Designing Solutions for Aging Water Resources Infrastructure

Grady Hillhouse

Co-authored by Tina Stanard

As part of our efforts to convey the focus of our FNI Water™ initiative, we will address each of the key areas in a series of articles. We will discuss how, together, they provide a comprehensive, environmentally-responsible approach to water supply projects through implementation of best practices through every step, from planning to operations. This week, we are highlighting water resources design.

Most Americans rely on reservoirs for one or more of the following: water supply, flood control, hydroelectric power generation and irrigation. Many even enjoy the recreation benefits they provide. The heyday of reservoir construction in the United States occurred from the 1930s through the 1970s due to federal funding after WWII. Many of the dams constructed during this period are now over 50 years old and, like all aging infrastructure, can require significant investments to repair or replace. 

Freese and Nichols works to maintain and rehabilitate our nation’s critical water resources infrastructure to keep it operating safely and efficiently. Our water resources design engineers use a number of strategies, as part of our FNI Water™ initiative, to ensure stewardship of our clients’ and communities’ resources, including:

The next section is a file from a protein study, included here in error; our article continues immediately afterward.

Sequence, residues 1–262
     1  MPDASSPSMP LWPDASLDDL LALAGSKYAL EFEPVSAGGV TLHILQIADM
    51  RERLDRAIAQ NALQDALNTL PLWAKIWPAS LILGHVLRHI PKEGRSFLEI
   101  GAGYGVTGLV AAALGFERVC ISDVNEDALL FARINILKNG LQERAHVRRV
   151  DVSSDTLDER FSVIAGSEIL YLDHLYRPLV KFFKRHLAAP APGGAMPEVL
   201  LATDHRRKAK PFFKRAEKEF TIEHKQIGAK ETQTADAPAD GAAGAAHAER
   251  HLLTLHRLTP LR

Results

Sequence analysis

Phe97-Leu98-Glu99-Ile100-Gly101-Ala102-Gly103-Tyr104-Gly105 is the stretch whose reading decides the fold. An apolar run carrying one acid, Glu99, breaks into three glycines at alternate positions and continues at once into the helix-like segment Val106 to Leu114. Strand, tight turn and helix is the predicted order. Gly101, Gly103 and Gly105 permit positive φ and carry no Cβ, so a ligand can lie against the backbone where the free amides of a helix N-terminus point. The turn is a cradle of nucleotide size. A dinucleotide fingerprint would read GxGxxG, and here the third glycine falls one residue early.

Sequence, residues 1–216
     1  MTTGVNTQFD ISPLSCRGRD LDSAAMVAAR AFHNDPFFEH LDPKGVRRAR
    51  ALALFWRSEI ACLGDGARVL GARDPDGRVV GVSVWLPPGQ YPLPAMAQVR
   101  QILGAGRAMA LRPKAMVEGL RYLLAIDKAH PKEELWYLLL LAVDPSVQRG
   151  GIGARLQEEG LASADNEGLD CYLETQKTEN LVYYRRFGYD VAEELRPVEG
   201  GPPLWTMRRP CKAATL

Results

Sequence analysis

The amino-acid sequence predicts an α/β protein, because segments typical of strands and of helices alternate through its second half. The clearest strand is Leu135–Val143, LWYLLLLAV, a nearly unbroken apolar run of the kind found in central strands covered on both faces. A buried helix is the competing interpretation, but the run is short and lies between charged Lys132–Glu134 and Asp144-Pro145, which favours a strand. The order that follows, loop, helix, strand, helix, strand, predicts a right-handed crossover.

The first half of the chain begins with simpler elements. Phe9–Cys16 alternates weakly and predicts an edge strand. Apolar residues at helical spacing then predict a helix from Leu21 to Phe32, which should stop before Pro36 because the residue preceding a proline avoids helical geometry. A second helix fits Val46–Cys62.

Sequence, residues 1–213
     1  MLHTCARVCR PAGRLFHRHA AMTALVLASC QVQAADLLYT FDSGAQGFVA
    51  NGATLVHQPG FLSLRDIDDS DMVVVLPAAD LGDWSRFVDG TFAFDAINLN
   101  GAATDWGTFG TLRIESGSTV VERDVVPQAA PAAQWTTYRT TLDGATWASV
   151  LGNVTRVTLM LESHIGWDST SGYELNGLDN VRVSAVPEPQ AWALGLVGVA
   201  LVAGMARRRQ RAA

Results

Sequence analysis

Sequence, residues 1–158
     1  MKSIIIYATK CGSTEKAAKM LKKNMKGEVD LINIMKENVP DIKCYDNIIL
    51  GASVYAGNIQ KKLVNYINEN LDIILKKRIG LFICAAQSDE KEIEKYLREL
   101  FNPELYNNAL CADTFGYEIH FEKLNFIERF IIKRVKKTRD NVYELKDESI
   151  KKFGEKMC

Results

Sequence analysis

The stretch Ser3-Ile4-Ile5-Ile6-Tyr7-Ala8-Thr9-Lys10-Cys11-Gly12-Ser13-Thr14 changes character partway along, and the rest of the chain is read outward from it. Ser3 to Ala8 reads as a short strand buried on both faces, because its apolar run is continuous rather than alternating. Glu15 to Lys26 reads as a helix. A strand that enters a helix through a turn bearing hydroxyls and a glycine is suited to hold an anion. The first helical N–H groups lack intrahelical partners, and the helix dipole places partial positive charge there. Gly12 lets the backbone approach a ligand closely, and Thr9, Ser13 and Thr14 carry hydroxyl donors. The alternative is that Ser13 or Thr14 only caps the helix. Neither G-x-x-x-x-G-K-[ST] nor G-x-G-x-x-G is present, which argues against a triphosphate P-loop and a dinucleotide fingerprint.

• Preventative care of infrastructure, with detailed inspections and monitoring programs
  • Maximizing project lifespan through rehabilitation instead of replacement
  • Stream restoration as mitigation for new dams and major rehabilitation projects
  • Removal of dams which are no longer serving a valuable purpose to the community, eliminating operating requirements for the owner and restoring the riparian environment
  • Incorporating recycled and regional materials into projects, diverting waste from landfills and reducing transportation costs
  • Outreach to the public to gain insight and feedback from communities 

Our engineers place a focus on using holistic approaches to our projects which allow pursuit of innovative and nontraditional solutions to protect and maximize the benefit of these critical structures.

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